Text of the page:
If you would like to see Patrick return to writing the critical, dirty, entertaining work you love, please considering helping us. I know our community isn’t generally wealthy, but a number of people helping a little bit, would add up to enough.
Who is Patrick Califia?
Patrick Califia was one of the people who organized the modern leather community. Prior to his gender transition in his 40s, he was one of the founders of Samois, the first women’s BDSM support group, and one of the most articulate voices helping to create what would eventually be known as pro-sex feminism. For decades, he (then known as Pat Califia, living as a leatherdyke) traveled all over the United States and Europe, doing education on safe BDSM technique, helping with grassroots community organizing, educating people about safer sex and HIV prevention, and speaking out on a variety of topics like anti-censorship work, the need to shut down the war on drugs and make addiction treatment available, and opposition to state attempts to close down bathhouses and adult bookstores. Patrick also ran workshops and taught hundreds of people how to safely handle kinky equipment, negotiate a scene, keep their relationships running, and make their erotic dreams come true, if only for an evening.
Patrick has published more than twenty collections of short stories, novels, and essays that always provoke as well as titillate. Even when writing sexually explicit fiction, he has crossed boundaries by including material about characters of many different genders or sexual orientations and asked his readers to transgress, if only in their minds, and cross the boundaries they usually draw for themselves.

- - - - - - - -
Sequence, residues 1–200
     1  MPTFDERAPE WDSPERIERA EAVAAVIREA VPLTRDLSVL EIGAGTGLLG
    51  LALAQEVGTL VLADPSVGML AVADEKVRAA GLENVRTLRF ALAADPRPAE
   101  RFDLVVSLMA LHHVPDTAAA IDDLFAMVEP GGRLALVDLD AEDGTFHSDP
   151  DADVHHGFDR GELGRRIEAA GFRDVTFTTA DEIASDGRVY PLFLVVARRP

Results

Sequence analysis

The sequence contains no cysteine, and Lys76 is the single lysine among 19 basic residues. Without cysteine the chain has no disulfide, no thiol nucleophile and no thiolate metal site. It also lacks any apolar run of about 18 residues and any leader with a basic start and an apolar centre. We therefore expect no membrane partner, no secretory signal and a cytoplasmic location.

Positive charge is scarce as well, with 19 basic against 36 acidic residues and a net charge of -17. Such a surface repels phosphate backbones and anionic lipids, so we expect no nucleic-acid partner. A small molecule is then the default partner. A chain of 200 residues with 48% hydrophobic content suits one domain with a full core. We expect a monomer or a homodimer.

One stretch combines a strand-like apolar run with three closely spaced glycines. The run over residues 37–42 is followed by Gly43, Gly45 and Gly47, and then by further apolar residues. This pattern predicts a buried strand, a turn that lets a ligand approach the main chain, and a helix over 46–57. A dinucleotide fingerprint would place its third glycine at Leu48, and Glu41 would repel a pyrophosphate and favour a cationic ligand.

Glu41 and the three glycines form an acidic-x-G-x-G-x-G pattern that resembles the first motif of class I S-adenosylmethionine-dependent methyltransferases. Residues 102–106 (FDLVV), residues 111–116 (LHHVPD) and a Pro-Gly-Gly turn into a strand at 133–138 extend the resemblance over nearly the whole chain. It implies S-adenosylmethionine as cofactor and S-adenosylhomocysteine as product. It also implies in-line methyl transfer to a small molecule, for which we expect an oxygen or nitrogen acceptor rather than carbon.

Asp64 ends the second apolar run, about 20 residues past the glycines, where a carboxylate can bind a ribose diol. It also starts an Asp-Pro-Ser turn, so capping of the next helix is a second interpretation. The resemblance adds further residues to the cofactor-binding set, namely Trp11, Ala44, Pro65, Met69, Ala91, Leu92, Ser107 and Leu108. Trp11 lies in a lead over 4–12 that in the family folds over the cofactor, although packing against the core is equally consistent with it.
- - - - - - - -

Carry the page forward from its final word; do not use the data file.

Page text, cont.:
Patrick also managed, in between making a living as a freelance writer and editor, to get an education, earning a BA in psychology, and an MA in counseling. He was licensed as a Marriage and Family Therapist in California and for more than ten years had a private practice in San Francisco, working primarily with sexual minority clients. He often saw people in our community that had been turned away from other offices. Nobody’s sliding scale fees went lower than Patrick’s, because he believed that therapy worked, and it should be available to anybody who needed or wanted it. Nothing could ever replace or equal the value of the time that he spent with clients. Being able to sit with people and witness their process of personal growth, confrontation, frustration, and breakthrough has no equivalent. It is humbling and truly awe-inspiring. Closing the doors of his therapy practice when he could no longer keep it running was one of the saddest days of his life.
In 2011 Patrick and I moved to Florida, so we could be close to my family and I could pursue my work as a hospital chaplain. I am so grateful for his brilliance, his dedication to the queer and BDSM communities, and all the ways he lives into his calling as a radical, queer, pro-sex feminist, and transman. It is our ultimate hope that Patrick will be able to successfully manage his chronic pain and other medical issues and to reopen his therapy practice here in Tampa, where the queer community is desperate for his unique voice.